The middle volume of Carson’s Gold Seer trilogy.
Young, white Leah Westfall’s mystical ability to sense when gold is near is both a beneficial and a dangerous trait during this era of the forty-niners. She is traveling through California with a band of friends who are looking to prospect and settle. Knowing her uncle Hiram—her only living relative, who knows of her power—is on her trail, Leah is forced to reveal her secret to her friends so that they know the risk of accompanying her. Utilizing Leah’s gold sense, this small group begins to stake their claims along the American River when uncle Hiram's men find her. The construct of this historical narrative fails by creating a female protagonist with absurd mystical powers that make her a cash cow (literally). The relationships are muddled, as she has a half-white, half-Cherokee sweetheart, Jefferson Kingfisher, a fact that is hard to reconcile with their prospecting on Indian land. Aside from Jefferson, the Native Americans mostly act as the stereotypical backdrop of decimated Indians. By keeping them largely naked and hidden, Carson diminishes the historical Native American resistance against Western expansion in the Sacramento area, and she adds insult to injury by ultimately making them collaborators in Leah’s theft of their land. An author’s note describes Carson’s research but cannot account for this portrayal.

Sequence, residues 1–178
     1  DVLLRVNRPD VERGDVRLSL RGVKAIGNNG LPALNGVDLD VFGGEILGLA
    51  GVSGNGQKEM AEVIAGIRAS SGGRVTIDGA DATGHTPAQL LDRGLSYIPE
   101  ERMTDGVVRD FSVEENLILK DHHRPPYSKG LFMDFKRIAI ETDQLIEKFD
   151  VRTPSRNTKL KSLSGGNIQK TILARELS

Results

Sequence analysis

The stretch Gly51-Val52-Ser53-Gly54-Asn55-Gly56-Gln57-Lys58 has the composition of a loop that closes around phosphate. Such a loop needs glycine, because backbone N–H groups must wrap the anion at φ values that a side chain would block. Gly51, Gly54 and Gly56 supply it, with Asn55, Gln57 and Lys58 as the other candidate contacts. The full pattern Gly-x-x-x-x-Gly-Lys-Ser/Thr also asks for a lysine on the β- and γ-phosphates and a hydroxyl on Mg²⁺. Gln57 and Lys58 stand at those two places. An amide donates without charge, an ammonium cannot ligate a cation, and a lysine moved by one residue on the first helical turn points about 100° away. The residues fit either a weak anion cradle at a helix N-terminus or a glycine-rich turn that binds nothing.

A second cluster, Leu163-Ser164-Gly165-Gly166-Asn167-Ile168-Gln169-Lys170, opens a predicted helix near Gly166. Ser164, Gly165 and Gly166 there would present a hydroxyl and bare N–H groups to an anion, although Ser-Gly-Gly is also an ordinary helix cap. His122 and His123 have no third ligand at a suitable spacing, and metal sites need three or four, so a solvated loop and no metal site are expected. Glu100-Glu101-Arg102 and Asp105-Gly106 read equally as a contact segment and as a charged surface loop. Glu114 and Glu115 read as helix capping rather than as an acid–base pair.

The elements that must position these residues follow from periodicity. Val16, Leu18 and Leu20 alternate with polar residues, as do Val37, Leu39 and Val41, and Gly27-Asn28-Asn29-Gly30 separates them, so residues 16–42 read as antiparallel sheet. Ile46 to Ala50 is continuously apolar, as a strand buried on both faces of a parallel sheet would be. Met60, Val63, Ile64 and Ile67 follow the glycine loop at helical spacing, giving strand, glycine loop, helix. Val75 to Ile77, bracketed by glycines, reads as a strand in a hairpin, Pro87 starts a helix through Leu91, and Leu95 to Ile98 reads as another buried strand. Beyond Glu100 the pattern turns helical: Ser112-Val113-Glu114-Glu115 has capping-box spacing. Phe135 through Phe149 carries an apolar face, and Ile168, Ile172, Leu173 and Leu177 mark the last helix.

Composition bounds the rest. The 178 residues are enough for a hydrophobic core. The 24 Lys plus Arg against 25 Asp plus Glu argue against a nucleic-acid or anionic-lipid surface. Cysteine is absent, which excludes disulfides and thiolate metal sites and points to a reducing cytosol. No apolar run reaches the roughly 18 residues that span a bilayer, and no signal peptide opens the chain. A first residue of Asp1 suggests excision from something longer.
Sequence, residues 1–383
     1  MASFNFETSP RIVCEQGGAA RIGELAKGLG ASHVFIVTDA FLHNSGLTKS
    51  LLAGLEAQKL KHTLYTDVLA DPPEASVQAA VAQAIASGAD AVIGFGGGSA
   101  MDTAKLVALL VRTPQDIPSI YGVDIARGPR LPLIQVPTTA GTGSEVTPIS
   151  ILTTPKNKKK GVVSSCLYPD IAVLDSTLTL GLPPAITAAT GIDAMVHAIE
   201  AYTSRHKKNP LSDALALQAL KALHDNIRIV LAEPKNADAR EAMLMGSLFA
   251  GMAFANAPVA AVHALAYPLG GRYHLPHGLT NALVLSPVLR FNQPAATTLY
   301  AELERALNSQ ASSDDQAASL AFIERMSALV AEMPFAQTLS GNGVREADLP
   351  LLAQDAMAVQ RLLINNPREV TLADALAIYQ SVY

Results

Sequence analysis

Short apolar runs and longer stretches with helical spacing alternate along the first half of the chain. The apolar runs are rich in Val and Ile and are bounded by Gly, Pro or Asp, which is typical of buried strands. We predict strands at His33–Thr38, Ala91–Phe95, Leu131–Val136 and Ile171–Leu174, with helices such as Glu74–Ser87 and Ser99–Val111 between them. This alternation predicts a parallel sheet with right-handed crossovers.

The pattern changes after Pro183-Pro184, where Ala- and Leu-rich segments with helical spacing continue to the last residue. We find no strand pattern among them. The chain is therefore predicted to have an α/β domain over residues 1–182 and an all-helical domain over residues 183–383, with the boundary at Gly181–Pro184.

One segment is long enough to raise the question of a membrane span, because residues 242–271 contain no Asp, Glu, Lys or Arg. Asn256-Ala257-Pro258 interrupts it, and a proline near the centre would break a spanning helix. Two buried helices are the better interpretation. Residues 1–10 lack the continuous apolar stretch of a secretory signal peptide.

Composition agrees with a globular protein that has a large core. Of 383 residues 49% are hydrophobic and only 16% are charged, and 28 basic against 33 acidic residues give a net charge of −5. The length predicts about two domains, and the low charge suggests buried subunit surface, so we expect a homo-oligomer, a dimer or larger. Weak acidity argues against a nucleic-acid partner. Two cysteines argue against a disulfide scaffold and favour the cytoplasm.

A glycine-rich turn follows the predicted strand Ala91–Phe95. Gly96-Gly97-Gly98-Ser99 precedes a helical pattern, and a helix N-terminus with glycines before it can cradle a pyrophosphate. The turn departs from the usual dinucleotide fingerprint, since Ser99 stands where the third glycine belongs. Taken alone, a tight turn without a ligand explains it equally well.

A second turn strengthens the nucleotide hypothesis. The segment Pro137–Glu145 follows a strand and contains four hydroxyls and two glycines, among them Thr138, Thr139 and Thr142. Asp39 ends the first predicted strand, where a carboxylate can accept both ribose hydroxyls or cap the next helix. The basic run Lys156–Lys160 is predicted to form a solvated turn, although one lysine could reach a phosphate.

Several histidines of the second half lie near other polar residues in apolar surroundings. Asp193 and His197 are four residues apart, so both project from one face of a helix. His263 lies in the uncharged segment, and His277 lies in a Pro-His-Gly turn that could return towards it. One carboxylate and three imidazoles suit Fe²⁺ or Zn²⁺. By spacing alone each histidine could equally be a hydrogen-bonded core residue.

Another indulgence in a Western narrative that undermines both history and its female protagonist instead of enlightening. (Fantasy. 14 & up)